It's hard to pinpoint the exact moment when an evening of gracious entertaining becomes a sentence of dinner with no parole, but there are a few simple ways to make sure that the cook enjoys the party too.
When planning the menu, include a variety of different types of foods. Be sure to include different textures (crispy, creamy, crunchy, tender) and flavors (sweet, sour, salty, bitter, astringent, pungent, cooling). Serve some cold items (crudites, chilled soups, ice cream or sorbet), some at room temperature (antipasto or other appetizers, cookies or cakes), and some hot (stew, hot entrees, warm brownies or pies). Variety is key, but above all, rely mostly on tried-and-true dishes that are quick and easy. If you want to make a grand impression, go for it once in the meal, rather than trying for a climax at every course.
To develop a shopping and cooking plan, think about what can be cooked ahead and what ingredients will be hard to purchase or store well. Map out a plan for what needs to be done each day leading up to the party (shopping, cooking ahead, freezing, thawing, and so on). Get help to manage the workload. Unless you live with a staff of four in your kitchen, you'll probably need some help, even for a small dinner party.This can be as simple as having guests help with the cooking, or deciding that you will buy the dessert rather than prepare it yourself.
Always avoid last-minute disaster by cooking ahead. If you insist on cooking everything from scratch and want to be able to attend the party as well, it is essential that you prepare as much of the food ahead of time as possible. Freeze whatever you can, and plan dishes that don't require last-minute fussing. Appetizers that use commercially prepared frozen puff pastry are infinitely elegant and keep for weeks in the freezer. Chilled souffles and soups can be made a day ahead and can be ready for service without so much as reheating. Pates can be chill for weeks in the refrigerator, and marinated salads provide brilliant colors and piquant flavors that only get better after a day's sojourn in the fridge.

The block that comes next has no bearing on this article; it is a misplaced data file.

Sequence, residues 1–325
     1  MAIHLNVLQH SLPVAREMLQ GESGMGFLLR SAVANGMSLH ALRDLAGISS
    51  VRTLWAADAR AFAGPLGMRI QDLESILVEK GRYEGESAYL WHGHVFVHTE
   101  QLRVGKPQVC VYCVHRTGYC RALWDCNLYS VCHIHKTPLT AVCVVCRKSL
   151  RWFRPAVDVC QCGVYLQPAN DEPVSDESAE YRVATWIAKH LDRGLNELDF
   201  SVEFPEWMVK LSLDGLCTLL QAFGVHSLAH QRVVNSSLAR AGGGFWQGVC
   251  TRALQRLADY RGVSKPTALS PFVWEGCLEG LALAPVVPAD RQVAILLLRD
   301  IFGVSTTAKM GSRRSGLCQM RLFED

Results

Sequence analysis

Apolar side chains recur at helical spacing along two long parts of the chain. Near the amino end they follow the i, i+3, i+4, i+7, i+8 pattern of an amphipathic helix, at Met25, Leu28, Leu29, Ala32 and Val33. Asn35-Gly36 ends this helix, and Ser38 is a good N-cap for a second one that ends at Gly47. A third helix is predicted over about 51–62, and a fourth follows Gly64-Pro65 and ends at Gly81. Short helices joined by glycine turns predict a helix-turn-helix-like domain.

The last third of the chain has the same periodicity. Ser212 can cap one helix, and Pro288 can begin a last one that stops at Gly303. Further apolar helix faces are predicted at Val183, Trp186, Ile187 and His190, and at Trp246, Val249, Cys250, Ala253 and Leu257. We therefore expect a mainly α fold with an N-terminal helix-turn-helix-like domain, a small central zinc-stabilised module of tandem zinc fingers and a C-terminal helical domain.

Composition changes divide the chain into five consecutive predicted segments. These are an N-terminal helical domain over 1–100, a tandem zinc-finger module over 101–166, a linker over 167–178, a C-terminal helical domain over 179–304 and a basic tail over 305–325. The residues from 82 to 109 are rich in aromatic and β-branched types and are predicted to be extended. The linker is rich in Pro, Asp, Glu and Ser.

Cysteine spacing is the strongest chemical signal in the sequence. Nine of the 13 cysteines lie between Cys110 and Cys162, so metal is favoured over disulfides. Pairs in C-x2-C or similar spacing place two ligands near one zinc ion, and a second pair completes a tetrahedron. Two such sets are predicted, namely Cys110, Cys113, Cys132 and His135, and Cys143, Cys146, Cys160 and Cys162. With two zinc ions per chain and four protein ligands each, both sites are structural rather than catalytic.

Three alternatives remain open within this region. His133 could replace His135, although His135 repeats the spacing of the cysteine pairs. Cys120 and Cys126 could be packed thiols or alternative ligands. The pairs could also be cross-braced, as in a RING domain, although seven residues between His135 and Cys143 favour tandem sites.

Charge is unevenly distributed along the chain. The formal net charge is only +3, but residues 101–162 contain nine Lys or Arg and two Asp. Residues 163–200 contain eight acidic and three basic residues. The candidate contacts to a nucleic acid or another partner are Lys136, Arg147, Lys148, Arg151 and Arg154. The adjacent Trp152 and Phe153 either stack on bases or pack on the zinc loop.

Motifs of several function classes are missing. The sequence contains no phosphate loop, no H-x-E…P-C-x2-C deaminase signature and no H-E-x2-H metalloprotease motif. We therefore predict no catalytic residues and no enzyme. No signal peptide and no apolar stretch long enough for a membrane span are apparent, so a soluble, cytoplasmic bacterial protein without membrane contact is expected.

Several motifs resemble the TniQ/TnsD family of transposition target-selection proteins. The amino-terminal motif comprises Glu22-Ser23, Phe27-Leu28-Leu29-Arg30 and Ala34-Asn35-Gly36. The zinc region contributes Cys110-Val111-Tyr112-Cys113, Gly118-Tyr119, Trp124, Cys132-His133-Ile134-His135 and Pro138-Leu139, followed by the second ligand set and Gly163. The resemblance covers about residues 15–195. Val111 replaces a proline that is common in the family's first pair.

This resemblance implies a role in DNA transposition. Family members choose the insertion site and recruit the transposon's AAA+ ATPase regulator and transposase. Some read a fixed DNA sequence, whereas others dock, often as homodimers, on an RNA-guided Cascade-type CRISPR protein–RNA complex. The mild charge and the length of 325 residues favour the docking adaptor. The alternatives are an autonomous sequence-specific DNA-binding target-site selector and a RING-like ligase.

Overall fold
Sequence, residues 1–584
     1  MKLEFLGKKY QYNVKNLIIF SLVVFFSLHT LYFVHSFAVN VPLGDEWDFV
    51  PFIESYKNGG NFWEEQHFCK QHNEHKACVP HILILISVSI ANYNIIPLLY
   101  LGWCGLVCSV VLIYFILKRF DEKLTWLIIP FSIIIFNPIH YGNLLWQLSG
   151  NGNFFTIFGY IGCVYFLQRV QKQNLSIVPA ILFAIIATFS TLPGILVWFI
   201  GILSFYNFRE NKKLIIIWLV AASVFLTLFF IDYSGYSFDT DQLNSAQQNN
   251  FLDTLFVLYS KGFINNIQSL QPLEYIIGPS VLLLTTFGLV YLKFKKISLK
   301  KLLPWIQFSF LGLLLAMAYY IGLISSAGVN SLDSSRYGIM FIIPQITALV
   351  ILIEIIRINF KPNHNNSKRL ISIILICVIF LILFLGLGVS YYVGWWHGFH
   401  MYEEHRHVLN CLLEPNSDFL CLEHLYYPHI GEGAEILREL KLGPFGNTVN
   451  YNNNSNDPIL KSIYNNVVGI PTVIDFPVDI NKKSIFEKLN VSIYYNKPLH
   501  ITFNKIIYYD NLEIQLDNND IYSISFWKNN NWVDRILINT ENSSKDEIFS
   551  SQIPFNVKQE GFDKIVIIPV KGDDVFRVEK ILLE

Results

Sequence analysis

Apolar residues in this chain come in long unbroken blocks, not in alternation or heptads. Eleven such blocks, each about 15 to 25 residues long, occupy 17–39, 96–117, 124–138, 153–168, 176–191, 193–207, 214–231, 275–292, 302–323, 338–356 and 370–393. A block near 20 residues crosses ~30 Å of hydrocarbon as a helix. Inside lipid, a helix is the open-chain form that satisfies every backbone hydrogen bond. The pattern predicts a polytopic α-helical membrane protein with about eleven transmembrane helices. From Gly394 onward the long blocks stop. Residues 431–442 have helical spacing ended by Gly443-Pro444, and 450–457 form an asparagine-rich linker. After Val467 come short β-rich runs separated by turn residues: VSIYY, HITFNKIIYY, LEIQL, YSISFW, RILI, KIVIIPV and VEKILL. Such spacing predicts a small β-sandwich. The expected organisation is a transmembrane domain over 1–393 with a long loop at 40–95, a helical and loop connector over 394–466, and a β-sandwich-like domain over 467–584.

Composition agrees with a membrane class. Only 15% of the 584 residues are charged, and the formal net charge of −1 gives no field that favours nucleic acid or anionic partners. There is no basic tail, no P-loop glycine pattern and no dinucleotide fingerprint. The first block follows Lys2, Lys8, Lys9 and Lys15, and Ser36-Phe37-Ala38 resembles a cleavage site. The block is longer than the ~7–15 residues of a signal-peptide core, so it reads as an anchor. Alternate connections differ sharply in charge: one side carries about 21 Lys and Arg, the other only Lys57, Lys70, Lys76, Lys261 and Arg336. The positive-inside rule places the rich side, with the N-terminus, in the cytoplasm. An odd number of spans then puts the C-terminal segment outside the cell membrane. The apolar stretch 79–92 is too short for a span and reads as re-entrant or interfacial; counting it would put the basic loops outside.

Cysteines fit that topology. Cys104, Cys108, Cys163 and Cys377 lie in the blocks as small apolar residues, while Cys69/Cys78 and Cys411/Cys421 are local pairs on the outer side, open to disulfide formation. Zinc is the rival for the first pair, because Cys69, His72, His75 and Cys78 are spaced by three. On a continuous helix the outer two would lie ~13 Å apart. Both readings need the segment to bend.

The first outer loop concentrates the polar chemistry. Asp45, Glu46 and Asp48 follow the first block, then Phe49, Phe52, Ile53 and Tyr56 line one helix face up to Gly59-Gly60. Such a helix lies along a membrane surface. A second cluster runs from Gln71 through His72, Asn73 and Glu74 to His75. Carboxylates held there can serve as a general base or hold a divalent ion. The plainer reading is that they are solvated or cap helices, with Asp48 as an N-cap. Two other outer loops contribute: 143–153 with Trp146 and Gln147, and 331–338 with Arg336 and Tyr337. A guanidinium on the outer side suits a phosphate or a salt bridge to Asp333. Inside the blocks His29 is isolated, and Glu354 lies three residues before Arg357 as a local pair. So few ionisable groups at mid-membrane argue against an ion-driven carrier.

If you do not have a double oven to cook multiple roasts, prepare the roasts in batches. If you do have a double oven, you can cook multiple roasts at the same time. Halfway through cooking, switch and rotate the position of each roast to compensate for any uneven heat distribution. Keep in mind the recipes are typically written for single, modest-size roasts. Doubling up two small roasts will increase the cooking time slightly. Use an instant-read thermometer to check internal temperatures rather than going solely by cooking time.